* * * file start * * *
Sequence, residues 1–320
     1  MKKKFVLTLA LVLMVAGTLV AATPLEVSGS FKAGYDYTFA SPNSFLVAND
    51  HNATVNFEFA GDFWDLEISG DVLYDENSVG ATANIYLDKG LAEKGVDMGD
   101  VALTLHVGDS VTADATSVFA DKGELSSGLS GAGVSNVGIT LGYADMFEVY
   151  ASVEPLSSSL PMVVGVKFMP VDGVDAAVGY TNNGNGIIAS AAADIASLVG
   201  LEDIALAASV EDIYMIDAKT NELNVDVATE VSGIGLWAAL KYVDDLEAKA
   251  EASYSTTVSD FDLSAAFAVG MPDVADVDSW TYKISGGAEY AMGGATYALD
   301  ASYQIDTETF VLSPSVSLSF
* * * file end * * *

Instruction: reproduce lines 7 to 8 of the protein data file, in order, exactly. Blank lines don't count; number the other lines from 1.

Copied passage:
   251  EASYSTTVSD FDLSAAFAVG MPDVADVDSW TYKISGGAEY AMGGATYALD
   301  ASYQIDTETF VLSPSVSLSF